Verizon 2021 Data Breach Investigations Report: The Day After Tomorrow

by Anastasios Arampatzis 

Why do we need all these annual reports published every year, this time around? This is a question that popped into my mind as I was preparing myself to write this article. What is their objective, their benefit? Well, the truth is that these reports are a great resource of reflection – they display what we have done well, where we have failed. But above all, they can educate us. We can learn from our mistakes, from the successes of other organizations, either in the same vertical or in other. Solon used to say: “I grow old learning something new every day.” That’s the true value of these reports. 

Human is the top target 

This is also the value of the recent Verizon 2021 Data Breach Investigations Report – nicknamed as DBIR. This report comes at a timely manner – as we slowly emerge ourselves from the lockdowns of the coronavirus pandemic, we realize that the world around us has changed. We are all ore dependent on digital technology and on the Internet. Our lives and business operations have become more digital. Remote working employees and students attending virtual classrooms dominated the discussions across 2020.  

But so did the cyber-criminals. Criminals took advantage of our increased exposure to the risks and threats of living and working online to launch their malevolent actions. In fact, as DBIR 2021 demonstrates, the attackers were keen on targeting the vulnerable human factor. 85% of the breaches involved a human element. This shouldn’t come as a surprise. The findings of the Verizon 2021 Mobile Security Index report are compelling: 

  • 97% of participants consider remote workers to be more at risk than office workers.
  • 48% of the respondents sacrificed security to support remote working requirements and cope with the pandemic crisis.
Key report findings 

So, what are the findings that contribute to the fact that the main target of data breaches during 2020 was the human? 

  • Phishing was present in 36% of breaches in our dataset, up from 25% last year. Business Email Compromises (BECs) were the second-most common form of Social Engineering.
  • 70% of all misuse varieties in breaches were privilege misuse.
  • 61% of breaches involved credential data.
  • Ransomware was the preferred attack vector in 10% of examined data breaches – more than double since 2019.
  • User credentials, personal and medical data are the most sought-after data in breaches.
Other interesting findings worth highlighting are the following: 
  • Errors decreased as a percentage of breaches (from 22% to 17%).
  • Attacks on web applications were the main attack vector in Hacking actions, with over 80% of breaches. In addition, desktop sharing (RDP) has moved into second place in Hacking vectors.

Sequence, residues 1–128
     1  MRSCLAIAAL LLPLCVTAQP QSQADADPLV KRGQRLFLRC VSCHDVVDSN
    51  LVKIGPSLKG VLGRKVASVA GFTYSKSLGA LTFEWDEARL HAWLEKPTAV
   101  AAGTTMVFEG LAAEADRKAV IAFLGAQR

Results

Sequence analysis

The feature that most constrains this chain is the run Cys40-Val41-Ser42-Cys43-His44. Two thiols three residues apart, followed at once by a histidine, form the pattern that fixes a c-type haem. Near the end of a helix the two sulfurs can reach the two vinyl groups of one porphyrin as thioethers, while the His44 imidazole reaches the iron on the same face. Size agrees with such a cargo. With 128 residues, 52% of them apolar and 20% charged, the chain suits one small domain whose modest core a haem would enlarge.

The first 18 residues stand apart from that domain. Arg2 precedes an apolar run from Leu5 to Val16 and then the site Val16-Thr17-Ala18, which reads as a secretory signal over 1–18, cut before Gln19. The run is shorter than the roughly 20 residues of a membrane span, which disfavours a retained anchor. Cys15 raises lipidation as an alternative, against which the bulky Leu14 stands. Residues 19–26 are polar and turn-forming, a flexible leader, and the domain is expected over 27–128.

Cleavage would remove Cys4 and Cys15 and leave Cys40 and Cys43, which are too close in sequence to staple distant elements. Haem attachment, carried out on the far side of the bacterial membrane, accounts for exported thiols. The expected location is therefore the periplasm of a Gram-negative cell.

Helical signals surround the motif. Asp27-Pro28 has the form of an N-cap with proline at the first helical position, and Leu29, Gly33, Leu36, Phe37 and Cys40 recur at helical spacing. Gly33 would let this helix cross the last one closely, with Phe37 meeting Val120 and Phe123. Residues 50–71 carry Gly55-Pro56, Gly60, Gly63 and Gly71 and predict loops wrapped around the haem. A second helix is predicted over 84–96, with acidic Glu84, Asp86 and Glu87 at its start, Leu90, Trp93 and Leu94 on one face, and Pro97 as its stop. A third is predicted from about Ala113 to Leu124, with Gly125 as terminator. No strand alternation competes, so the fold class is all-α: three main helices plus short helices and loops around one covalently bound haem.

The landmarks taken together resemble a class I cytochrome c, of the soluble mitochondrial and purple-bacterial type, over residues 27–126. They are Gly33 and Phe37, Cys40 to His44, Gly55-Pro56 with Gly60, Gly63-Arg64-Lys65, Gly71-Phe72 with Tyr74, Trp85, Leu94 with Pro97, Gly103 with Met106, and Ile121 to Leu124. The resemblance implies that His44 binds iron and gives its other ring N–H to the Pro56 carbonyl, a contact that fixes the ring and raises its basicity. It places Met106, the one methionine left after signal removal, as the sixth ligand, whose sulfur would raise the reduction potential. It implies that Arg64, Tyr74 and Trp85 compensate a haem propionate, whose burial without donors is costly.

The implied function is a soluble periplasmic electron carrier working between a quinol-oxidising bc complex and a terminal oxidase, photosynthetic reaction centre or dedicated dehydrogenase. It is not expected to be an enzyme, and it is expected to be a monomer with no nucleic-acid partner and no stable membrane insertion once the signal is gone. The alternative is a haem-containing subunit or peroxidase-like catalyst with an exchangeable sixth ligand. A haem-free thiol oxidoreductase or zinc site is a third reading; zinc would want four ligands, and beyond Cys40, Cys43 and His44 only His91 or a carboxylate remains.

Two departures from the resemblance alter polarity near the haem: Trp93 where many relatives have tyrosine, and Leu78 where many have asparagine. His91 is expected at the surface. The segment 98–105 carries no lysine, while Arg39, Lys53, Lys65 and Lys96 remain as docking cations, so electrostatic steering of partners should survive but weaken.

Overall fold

• Compromised cloud assets were more common than on-premises assets in both incidents and breaches.
  • Breaches happened mostly due to external, financially motivated actors.
  • Top patterns in incidents were Denial of Service and Basic Web Application attacks.
Denial of Service 

The Denial-of-Service pattern consists of attacks intended to compromise the availability of networks and systems. This pattern includes both network and application layer attacks and is the most common pattern across incidents. However, Denial of Service (DoS) is one of those threats that can be addressed. 

DDoS packets are getting blocked at various places, from Internet Service Providers (ISPs) to Autonomous System Numbers (ASNs) and Content Delivery Networks (CDNs) that business sites sit behind. DoS attacks can be: 

  • Direct, when the packets come directly from the actor or their deployed botnets.
  • Reflected, when the actor sends packets to a vulnerable service that then reflects the packets to the victim.

DDoS attacks can also be intended for resource exhaustion causing abnormal load on memory or processing, or volumetric flooding the network with lots and lots of packets. 

Useful Insight 

According to the latest data coming from Cloudflare, a leading Platform for CDN, DDoS, WAF, Zero Trust and more, the most targeted industries of Q1 2021 were Telcos and Consumer Services, with most attack traffic coming from China and United States, with ransom DDoS attacks being on the rise. 

What’s next? 

Organizations need to secure and ensure the reliability of their external-facing resources such as websites, APIs, and applications. Additionally, protection of internal resources such as behind-the-firewall applications, teams, and devices is a must. Moreover, a platform for developing globally scalable applications is more mandatory than ever. 

ADACOM can help all organizations, from the smallest to the biggest, by offering and also managing all Cloudflare’s services such as DDoS protection, WAF, CDN, Bot Management and serverless compute from a single dashboard and a single API endpoint, providing deep service integration, easy troubleshooting and lower latency. 

Reach out for more information! 

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